* U.S. oil output surged to highest level in 25 yrs in
* Global surplus oil capacity inches up in Jan, Feb -EIA
* Iran's oil fleet looks to come in from cold as exports
* Brent targets $107.85-$108.11 range -technicals
By Manash Goswami
SINGAPORE, Feb 28 Brent crude futures slipped on
Friday below $109 a barrel on expectations demand growth will
slow as severe winter weather eases, with supply worries keeping
the losses in check for now.
A severe winter chill in the United States and Europe and
supply disruption worries from the Middle East have supported
oil in the early going this year, bucking broad weakness across
other risk assets such as base metals.
But with weather patterns improving, crude prices are set to
come under pressure as demand for heating fuels eases. Global
oil supplies also look to be rising.
Brent crude fell 20 cents to $108.76 a barrel by
0519 GMT, after dropping 56 cents in the previous session. The
contract is set to end the week down 1 percent, the most in four
weeks; it has gained more than 2 percent in February.
U.S. oil dropped 46 cents to $101.94, and is set to
end the week lower, snapping six straight weeks of gains in the
longest winning spree in a year. WTI crude is up nearly 5
percent for the month.
"Oil is not reacting like other risk markets because of the
winter and geopolitical tensions in the Middle East," said
Jonathan Barratt, chief executive of commodity research firm
Barratt's Bulletin in Sydney.
"As the weather improves, some shine on that will come off.
China's slowdown will compound it even more. The markets
shouldn't be here."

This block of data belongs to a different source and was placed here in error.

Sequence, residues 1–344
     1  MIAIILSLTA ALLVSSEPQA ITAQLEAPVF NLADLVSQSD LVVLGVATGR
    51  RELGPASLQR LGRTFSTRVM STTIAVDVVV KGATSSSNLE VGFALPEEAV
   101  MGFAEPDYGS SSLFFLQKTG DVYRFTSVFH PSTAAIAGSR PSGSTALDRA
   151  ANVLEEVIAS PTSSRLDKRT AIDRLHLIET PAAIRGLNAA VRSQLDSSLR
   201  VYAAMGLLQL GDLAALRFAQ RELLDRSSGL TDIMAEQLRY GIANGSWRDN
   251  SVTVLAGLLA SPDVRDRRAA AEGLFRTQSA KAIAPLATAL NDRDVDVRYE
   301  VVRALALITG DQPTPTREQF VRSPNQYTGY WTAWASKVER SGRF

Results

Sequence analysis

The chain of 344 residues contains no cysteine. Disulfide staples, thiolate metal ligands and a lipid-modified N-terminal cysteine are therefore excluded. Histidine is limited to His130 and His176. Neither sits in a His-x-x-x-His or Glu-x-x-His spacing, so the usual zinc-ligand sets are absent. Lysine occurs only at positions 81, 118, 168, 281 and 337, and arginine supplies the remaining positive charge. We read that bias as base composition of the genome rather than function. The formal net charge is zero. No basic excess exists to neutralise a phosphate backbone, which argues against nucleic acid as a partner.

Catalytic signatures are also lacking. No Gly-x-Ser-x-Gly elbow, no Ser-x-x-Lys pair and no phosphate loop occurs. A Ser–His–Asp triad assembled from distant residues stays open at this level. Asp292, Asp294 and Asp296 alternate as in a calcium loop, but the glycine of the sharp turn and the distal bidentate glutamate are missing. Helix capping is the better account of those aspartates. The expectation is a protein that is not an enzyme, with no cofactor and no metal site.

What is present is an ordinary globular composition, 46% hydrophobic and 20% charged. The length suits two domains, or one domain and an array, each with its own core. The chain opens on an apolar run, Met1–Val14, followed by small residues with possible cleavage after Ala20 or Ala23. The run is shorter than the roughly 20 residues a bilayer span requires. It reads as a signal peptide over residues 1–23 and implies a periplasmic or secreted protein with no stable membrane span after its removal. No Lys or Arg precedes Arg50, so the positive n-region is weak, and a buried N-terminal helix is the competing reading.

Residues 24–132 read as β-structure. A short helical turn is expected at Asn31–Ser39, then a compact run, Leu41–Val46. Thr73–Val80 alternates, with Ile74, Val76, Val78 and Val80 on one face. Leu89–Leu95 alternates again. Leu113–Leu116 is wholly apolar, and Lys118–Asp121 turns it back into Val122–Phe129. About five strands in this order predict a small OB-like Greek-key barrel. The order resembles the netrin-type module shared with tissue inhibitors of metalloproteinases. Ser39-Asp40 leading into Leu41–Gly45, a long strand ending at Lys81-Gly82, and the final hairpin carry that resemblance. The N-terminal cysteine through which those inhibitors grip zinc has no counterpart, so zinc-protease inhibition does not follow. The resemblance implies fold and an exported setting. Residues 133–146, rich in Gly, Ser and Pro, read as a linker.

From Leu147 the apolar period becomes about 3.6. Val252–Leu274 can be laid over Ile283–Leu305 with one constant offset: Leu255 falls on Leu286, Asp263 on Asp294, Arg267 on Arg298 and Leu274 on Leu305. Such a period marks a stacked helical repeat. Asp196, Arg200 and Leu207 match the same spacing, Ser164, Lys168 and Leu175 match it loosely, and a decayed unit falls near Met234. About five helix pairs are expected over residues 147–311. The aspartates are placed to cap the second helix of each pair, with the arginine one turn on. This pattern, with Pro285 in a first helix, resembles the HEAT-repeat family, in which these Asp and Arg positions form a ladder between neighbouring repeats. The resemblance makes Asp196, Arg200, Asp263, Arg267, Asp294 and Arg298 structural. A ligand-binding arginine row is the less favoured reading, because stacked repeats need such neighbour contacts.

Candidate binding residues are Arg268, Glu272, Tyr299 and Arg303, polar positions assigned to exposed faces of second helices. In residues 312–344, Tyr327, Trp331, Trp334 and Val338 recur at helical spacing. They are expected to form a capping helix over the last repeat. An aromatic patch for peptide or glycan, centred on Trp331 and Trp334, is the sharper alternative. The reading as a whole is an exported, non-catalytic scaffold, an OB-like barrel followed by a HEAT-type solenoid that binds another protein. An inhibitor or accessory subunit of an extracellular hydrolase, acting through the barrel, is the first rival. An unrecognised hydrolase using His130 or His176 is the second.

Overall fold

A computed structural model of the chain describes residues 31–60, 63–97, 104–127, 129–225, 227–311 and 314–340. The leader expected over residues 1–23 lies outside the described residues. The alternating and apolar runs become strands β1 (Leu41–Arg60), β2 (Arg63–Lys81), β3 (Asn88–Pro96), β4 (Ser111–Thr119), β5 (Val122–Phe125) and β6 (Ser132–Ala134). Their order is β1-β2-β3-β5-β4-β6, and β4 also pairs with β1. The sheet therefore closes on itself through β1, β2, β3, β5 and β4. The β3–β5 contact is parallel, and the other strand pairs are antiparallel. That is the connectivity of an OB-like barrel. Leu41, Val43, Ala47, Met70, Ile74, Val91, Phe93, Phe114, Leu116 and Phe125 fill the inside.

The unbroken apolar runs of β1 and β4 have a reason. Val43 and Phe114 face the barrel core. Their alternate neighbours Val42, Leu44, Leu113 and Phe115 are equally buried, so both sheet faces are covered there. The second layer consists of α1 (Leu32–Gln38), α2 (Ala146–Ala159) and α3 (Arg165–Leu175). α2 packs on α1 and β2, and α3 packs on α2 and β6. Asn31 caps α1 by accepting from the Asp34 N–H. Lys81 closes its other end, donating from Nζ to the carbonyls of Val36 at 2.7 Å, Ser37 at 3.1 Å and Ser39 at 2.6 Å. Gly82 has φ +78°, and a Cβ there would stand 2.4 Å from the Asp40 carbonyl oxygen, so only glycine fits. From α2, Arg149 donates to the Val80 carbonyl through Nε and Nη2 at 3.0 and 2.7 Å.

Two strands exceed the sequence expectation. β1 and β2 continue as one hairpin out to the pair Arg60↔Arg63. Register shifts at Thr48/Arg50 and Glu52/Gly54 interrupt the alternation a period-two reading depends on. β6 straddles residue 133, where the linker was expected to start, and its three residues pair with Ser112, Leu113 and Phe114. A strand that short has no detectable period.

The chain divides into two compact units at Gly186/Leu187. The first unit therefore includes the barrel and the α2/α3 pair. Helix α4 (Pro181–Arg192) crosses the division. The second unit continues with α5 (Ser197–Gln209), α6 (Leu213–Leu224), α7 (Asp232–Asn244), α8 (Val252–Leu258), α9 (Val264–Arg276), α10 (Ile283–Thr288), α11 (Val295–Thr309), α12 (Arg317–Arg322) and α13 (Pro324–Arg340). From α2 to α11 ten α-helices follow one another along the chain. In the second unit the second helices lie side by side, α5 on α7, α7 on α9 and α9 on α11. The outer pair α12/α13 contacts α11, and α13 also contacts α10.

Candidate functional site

The U.S. benchmark is set to slip to below $100 a barrel,
Barratt said, adding the contract should ideally hold between
$85-$90 a barrel, reflecting the current demand outlook.
Brent is at the upper end of its range now, he said, and the
lower end of the range is $103, with support seen at $106.70.
Global spare oil production capacity inched higher in
January and February as demand eased, the U.S. government said.
The Energy Information Administration said spare output
capacity, which is the amount of oil that global producers can
quickly bring on line without major investments - a key factor
in global crude prices - averaged 2.1 million barrels per day in
the last two months, or about 100,000 bpd higher than in the
previous 60 days, the EIA said.
U.S. oil production surged in 2013 to the highest level in
25 years as a boom in shale drilling boosted output, the EIA
Oil production for the year rose by nearly 1 million barrels
per day (bpd), its largest-ever annual increase, to hit an
output level of 7.46 million bpd, the highest since 1989, the
agency said in a monthly report.
Prices are also under pressure on expectations of rising
exports from Iran. The OPEC member's oil tanker fleet is gearing
up for more business, with some vessels taking to the high seas
after spending more than a year at home ports, in yet another
sign an easing in sanctions is enabling exports to pick up.
Ship tracking sources said that in recent weeks at least
three Iranian supertankers had made their first trips to Asia
after months at Iranian anchorages where they were storing
(Editing by Tom Hogue)